LONDON (Reuters) - U.S. Secretary of State Hillary Clinton will press China’s foreign minister on the issue of Internet freedom, a growing irritant in ties between the two powers, a senior U.S. official said on Wednesday.
Clinton, in London for meetings on Yemen and Afghanistan, will meet Foreign Minister Yang Jiechi on Thursday and is likely to raise the dispute, which has been brought into focus by U.S. search engine giant Google’s threat to abandon the Chinese market over charges of government interference.
“I think it is likely that they will end up discussing, maybe not the specific Google situation but the broader issue,” the official said, speaking on condition of anonymity.
Clinton has already publicly asked China to respond to Google’s charges, which include censorship and a sophisticated hacking attack mounted from within the country.
She has also laid out a broad U.S. policy calling for unfettered Internet access around the world and said that countries or individuals who engage in cyber attacks should face consequences.
“I think she will reiterate her call ... about wanting a transparent inquiry with transparent results,” the official said.
“The secretary has made her position clear publicly about what needs to happen here, and she’ll reiterate that to Yang and we have reiterated that to the Chinese in other contexts as well,” the official said. “I think that is the track that we’re on right now.”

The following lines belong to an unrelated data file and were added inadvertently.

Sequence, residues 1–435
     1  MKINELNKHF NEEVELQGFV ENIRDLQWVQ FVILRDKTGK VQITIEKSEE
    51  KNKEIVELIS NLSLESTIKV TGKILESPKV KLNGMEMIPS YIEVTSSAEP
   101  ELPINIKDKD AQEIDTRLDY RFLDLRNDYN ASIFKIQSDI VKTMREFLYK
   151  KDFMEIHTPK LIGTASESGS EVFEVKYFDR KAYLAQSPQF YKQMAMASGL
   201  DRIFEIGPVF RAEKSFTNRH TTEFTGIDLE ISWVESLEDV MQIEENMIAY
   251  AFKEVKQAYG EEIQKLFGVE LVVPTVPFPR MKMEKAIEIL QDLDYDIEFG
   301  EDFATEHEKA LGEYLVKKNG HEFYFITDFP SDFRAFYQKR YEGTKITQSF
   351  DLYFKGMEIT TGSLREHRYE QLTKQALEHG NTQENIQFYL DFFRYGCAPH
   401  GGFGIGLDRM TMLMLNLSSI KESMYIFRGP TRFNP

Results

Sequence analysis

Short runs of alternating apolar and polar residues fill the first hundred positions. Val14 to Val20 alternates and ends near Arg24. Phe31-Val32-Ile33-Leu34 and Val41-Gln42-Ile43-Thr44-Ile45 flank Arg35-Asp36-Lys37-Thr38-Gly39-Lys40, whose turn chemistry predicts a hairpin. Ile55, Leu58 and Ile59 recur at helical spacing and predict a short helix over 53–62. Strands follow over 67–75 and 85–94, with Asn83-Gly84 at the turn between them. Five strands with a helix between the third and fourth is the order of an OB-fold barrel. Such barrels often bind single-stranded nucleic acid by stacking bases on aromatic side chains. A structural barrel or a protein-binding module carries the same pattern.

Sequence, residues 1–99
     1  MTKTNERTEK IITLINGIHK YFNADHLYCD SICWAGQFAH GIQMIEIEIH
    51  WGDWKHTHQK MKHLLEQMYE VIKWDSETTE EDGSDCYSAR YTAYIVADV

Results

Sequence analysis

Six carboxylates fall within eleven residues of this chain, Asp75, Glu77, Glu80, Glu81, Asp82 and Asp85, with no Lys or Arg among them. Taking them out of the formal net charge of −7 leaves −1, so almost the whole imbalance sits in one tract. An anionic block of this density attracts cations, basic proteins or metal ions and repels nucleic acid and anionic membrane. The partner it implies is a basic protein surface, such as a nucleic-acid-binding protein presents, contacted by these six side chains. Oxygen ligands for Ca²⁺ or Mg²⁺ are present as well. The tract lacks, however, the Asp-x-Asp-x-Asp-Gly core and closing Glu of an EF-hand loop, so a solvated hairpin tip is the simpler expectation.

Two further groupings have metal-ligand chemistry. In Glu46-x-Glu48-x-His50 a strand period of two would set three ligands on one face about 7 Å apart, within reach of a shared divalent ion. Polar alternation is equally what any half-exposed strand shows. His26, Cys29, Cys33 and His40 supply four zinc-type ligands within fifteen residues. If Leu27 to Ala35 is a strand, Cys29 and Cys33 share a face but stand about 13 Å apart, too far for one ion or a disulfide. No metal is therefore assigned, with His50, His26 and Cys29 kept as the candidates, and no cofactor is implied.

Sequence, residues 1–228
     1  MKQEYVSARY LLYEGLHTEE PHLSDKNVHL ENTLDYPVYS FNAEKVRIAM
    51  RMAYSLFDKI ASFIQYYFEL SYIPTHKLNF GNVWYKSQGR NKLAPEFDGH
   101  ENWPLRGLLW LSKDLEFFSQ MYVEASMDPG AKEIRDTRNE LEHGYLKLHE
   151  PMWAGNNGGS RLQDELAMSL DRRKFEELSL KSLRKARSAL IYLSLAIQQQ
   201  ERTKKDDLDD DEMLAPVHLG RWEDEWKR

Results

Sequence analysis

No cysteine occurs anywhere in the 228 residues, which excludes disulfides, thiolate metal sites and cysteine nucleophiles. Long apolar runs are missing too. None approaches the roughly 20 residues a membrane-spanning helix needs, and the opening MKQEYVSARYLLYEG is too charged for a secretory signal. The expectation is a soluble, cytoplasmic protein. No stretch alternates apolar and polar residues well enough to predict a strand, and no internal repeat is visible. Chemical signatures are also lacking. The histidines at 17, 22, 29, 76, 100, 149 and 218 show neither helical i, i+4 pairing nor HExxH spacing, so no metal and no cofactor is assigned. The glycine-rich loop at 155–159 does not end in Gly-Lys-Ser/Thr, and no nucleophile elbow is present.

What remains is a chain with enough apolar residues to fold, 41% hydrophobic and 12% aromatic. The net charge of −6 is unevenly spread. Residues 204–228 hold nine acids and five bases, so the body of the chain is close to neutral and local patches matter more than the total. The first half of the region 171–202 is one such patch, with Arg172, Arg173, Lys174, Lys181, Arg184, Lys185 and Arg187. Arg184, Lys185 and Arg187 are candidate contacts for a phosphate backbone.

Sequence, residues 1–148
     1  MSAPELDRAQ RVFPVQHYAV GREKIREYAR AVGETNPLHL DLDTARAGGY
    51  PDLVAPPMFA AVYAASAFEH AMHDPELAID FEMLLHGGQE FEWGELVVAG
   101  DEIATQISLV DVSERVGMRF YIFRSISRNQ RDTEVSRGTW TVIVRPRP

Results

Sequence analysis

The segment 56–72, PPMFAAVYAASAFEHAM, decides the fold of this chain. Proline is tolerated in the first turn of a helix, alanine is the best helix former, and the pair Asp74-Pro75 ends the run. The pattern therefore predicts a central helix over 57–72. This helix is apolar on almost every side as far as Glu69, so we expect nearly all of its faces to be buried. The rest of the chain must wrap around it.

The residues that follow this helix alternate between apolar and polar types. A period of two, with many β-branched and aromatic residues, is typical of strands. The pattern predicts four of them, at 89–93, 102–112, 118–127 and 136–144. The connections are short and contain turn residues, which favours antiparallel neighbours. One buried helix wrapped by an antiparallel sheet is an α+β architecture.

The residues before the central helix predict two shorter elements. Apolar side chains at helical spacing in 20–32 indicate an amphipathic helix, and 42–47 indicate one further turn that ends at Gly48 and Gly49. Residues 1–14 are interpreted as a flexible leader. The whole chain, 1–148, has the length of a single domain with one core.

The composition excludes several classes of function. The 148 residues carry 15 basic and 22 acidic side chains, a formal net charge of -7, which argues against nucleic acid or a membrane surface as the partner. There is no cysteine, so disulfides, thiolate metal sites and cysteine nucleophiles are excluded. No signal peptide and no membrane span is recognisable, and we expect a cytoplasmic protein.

While Chinese state media have reacted sharply to the U.S. criticism, China’s Foreign Ministry has signaled it does not want the dispute to boil over and further strain a relationship already under pressure over U.S. arms sales to Taiwan and U.S. charges that Beijing artificially undervalues its currency.
Google has said it wants talks with the Chinese government about solving its complaints. Beijing denies the hacking accusations -- which some experts say could have been organized by the government -- and says it in turn is a major victim of hack attacks.
China defends its Internet controls as necessary to protect minors, although many other sensitive issues are blocked, including discussion of the 1989 bloody crackdown on pro-democracy demonstrations around Tiananmen Square.
China has blocked sites like Facebook, Twitter and Google’s YouTube following ethnic riots in restive Xinjiang and Tibet.
Reporting by Andrew Quinn; Editing by Jon Hemming